Sydney: Australia said Thursday it is tracking four Russian navy ships off its north coast, a move analysts said was posturing by Moscow with relations strained after the downing of Flight MH17 in Ukraine.
The appearance of the fleet coincides with Vladimir Putin`s arrival at the G20 summit in Brisbane this weekend and follows a highly anticipated exchange between the Russian leader and Australian premier Tony Abbott in Beijing.
Putin`s presence in Brisbane was questioned given Australia`s anger at the downing of Malaysia Airlines flight MH17 in July, in which 298 people died in rebel-held eastern Ukraine, including 38 Australian citizens and residents.
But the G20`s consensus was that he should attend despite Kiev and the West claiming the plane was blown out of the sky with a missile supplied by Russia, an allegation Moscow denies.
"Defence is monitoring Russian naval vessels that are currently transiting through international waters to the north of Australia," the Australian Defence Force said in a statement.
They reportedly include a "heavily armed" cruiser and destroyer, a tug boat and a refuelling vessel.
Australia said the Russian navy has previously been deployed in conjunction with major international summits. A warship from Russia`s Pacific Fleet accompanied former Russian president Dmitry Medvedev`s visit to San Francisco in 2010.
John Blaxland, an international security expert at the Australian National University, said having ships off Australian waters was "huff and puff" by Putin designed to reinforce his "tough, he-man image".
"This is a show of force, a stage-managed event and is all for show," he told AFP.
"People don`t go around doing this unless they feel insecure and need to assert themselves. It`s consistent with Putin`s chest-out, posturing behaviour. It bolsters his domestic credentials."Abbott famously vowed to "shirtfront" Putin -- an Australian Rules football term in which a player charges an opponent -- in Brisbane over the downing of MH17.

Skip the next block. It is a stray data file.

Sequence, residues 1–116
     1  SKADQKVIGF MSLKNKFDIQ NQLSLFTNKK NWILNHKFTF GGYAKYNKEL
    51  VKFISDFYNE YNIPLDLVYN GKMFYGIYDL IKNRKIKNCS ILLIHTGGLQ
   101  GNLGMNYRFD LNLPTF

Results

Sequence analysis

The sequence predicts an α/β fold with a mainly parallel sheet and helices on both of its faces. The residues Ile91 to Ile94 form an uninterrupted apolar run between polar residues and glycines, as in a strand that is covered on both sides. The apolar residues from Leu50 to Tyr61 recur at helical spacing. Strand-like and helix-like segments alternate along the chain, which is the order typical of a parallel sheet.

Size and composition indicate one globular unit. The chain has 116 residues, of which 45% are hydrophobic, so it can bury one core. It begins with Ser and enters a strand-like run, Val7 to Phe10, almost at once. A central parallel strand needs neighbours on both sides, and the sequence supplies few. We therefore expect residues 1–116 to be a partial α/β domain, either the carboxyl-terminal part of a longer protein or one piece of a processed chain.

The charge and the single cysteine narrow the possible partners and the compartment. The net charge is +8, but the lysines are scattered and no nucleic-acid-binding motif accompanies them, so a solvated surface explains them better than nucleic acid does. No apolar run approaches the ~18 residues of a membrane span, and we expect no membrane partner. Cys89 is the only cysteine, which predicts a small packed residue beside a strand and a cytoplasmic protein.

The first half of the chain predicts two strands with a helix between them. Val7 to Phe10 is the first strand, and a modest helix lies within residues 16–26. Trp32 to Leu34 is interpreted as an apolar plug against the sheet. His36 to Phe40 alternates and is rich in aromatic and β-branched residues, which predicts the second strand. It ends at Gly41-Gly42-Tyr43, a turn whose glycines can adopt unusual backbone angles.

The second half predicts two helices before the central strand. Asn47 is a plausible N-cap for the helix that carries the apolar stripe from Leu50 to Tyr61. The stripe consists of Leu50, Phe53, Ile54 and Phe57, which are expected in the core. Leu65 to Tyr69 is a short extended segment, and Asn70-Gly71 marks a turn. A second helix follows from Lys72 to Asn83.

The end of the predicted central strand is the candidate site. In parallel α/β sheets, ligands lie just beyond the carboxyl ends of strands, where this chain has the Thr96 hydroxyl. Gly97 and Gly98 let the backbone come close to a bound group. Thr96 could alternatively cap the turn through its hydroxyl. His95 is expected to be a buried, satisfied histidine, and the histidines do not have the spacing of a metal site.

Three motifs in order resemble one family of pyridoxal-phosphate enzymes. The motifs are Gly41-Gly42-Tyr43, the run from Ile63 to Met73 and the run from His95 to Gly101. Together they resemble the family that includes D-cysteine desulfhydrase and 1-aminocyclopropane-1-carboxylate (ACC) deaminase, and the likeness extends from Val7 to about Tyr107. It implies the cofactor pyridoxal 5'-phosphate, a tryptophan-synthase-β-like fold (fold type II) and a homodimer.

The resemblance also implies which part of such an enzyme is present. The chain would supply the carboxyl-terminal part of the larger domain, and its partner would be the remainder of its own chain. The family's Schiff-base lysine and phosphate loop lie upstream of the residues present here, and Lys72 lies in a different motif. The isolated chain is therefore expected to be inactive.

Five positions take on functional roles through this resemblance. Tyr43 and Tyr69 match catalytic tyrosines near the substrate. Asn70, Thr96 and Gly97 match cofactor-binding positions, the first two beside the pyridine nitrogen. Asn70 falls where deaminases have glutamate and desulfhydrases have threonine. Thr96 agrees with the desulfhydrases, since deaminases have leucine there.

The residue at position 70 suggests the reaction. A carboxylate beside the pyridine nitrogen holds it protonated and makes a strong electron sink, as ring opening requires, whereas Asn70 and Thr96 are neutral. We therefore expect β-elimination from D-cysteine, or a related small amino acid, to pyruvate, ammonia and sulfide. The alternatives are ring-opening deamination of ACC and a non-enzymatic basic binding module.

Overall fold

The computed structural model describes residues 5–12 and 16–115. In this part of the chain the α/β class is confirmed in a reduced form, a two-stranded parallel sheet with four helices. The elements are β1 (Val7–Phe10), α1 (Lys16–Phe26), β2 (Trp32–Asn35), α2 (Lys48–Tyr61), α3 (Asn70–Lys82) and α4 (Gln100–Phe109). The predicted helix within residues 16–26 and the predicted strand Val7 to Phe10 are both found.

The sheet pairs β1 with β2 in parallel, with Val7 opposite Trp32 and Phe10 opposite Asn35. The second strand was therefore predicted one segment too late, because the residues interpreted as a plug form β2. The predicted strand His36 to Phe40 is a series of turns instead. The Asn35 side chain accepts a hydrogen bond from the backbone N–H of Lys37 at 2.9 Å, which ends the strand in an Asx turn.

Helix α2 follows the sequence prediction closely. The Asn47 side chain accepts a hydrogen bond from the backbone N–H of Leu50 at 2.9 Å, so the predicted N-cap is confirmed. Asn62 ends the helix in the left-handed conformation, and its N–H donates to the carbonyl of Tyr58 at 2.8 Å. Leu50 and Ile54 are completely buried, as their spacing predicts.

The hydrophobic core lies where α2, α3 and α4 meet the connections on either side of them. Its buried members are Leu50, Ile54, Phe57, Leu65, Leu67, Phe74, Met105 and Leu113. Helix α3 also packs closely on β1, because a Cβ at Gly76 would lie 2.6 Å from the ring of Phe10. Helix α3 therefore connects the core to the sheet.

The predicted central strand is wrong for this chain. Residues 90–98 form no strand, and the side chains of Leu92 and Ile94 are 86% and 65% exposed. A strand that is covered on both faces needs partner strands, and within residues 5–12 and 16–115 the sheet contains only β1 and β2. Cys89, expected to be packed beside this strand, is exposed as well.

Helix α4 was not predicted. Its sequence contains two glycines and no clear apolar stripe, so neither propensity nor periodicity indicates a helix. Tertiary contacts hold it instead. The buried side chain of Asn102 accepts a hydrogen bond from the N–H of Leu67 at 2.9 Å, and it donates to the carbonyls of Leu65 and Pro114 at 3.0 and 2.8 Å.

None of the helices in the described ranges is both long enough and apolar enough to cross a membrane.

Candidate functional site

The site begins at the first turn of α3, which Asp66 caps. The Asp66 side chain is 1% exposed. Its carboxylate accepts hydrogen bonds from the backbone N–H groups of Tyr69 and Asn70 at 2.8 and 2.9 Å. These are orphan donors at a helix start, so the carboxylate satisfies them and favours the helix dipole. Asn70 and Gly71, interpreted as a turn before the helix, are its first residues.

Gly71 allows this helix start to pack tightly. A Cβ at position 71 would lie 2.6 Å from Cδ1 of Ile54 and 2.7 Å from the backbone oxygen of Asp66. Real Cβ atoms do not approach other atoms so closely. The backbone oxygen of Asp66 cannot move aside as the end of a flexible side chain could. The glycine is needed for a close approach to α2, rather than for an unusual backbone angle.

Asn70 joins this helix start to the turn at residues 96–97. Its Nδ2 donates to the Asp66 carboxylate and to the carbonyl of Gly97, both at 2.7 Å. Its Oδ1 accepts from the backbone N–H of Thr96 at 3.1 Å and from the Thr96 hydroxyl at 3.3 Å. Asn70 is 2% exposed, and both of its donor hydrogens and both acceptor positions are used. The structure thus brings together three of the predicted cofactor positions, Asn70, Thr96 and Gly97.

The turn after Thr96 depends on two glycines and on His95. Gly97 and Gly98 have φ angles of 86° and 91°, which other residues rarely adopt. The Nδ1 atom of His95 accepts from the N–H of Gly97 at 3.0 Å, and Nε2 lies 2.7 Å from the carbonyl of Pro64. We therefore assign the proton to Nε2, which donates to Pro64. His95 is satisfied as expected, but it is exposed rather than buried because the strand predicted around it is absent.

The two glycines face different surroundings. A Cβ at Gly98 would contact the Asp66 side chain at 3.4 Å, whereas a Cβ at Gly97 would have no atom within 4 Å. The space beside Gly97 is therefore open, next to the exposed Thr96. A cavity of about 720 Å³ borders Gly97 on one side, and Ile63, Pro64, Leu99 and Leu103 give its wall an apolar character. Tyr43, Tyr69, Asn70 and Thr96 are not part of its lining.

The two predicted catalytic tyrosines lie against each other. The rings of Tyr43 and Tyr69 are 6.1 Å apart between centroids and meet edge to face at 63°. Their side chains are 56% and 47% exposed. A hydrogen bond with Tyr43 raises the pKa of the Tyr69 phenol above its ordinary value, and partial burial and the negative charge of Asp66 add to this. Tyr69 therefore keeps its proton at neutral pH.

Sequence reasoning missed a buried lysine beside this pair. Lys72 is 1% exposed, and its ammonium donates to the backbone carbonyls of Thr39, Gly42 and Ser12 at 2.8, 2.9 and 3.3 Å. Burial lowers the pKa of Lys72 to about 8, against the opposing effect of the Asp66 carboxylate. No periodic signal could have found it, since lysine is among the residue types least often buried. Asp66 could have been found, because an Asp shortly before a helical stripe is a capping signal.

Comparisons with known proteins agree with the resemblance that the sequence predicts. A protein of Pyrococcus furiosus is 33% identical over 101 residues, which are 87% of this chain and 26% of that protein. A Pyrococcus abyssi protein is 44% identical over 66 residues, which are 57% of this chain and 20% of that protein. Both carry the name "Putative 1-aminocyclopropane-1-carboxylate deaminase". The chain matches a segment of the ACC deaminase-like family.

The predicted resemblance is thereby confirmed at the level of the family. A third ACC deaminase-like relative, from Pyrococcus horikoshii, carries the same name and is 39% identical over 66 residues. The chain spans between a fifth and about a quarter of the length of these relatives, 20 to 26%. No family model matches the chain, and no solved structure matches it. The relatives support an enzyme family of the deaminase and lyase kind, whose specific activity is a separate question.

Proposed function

The pair met on the sidelines of the APEC summit in Beijing this week without incident.
Former Australian army chief Peter Leahy, now director of the National Security Institute at the University of Canberra, said the naval deployment was a "less than subtle demonstration of power".
"I rather think it`s likely to be pre-planned and it`s more associated with the G20 meeting in Brisbane rather than the comments from the prime minister," he told national radio.
"But I think Russia is sending us a message. And as I`ve said, it`s less than subtle, but it`s saying it`s a maritime power, it`s got global reach, it`s got interests in this part of the world."
Australian Foreign Minister Julie Bishop said Russia was entitled to have ships in international waters, while acknowledging they were being closely tracked.
"Russia is entitled, as any other country is entitled, to traverse international waters," she told reporters.
"So we have been aware of it for some time. We`ve been tracking it and as far as I know, they remain in international waters."
She declined to comment when asked if it was a show of force, only saying that Russia is "a significant country with a significant navy".
"It`s like saying when the United States is in the Pacific -- is it a show of force? It`s a significant country with a significant navy. When Australia heads up through the international waters in Southeast Asia and North Asia is that a show of force?"
Bishop did not specify the ships` location. The US, a key Australian ally pursuing a strategic "rebalance" to Asia, now has hundreds of marines deployed in the north, a region seen as strategic to countering China`s growing military might and territorial claims in the Pacific.
G20 leaders, including US President Barack Obama, meet in Brisbane on Saturday and Sunday with boosting global growth the main theme, although Ukraine is also expected to be discussed.
As tensions over Ukraine have spiralled, the Soviet Union`s last leader Mikhail Gorbachev warned on the weekend that the world is on the "brink of a new Cold War".
A recent study of Russia-West military incidents catalogued dozens of dangerous encounters this year -- almost all of them linked to air and naval war games in different parts of the world including the Pacific.